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Tortured Logics: Crafting the U.S. Response to Human Rights Violations during the Argentinian Dirty War and the Salvadoran Civil War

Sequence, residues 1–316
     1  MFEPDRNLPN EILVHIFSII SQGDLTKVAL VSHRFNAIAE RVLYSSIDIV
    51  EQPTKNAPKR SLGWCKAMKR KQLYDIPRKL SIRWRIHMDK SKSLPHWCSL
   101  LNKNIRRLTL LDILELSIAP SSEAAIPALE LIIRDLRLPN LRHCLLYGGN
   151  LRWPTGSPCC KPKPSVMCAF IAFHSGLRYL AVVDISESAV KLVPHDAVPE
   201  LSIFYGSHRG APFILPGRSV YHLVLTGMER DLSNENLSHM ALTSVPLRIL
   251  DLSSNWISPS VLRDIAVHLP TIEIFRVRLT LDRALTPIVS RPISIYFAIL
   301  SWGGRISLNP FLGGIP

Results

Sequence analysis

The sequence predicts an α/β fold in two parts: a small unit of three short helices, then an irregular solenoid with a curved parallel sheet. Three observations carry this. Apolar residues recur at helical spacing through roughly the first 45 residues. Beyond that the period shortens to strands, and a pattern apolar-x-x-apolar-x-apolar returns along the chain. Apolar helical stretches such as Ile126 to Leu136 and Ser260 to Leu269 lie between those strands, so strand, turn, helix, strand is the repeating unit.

My dissertation examines the relationship between law and society by analyzing the implementation of U.S. human rights legislation. In the 1970s, the U.S. Congress, reflecting the growing international consensus that human rights were a matter of international policy, legislated that respect for human rights be considered in all foreign aid decisions. A central feature of this legislation stipulated that aid should not go to countries “engaged in gross violations of internationally recognized human rights.” Subsequently, many have concluded that the United States has inconsistently applied this legislation, especially in United States-Latin America relations. These researchers have studied human rights as a self-evident concept, obscuring the fact that policy advocates—those with a vested interest in defining human rights and their violation and the United States’ response—imbue the concept with of human rights with meaning through policy debates. This dissertation takes a different approach, studying what I call the politics of meaning-making: the process by which policy advocates define and contest the meaning of these phenomena. In order to develop this approach, I examine two cases testing the United States’ commitment to promoting respect for human rights abroad: the ‘dirty war’ in Argentina (1976-1983) and the civil war in El Salvador (1980-1992). The similar scope and severity of human rights violations in both cases provides for a powerful comparison. Based upon a content analysis of 160 U.S. Congressional hearings—summing to more than 35,000 pages of documents, I find that policy advocates assessed each society’s supposed capacity for self-governance and leveraged their own analysis to develop a plan of restoring respect for human rights in Argentina and of establishing respect for human rights in El Salvador. The distinction between restoring and establishing respect for human rights is important because each had significant social consequences for all of the nations involved, both during and after these conflicts officially ended. This analysis served as a foundation for both how policy advocates framed human rights violations perpetrated during each conflict, and how they measured progress towards curbing human rights abuses. I trace the logics and resources policy advocates used to respond to each specific case of human rights violations abroad. My analysis offers a new way to understand the United States’ response to human rights violations through a unique lens. Moreover, my research points to the importance of examining the boundaries between crime and human rights violations. How and by whom these boundaries are drawn and redrawn, impacted all of the societies studied, and continues to have a contemporary impact on local, national, and global levels.

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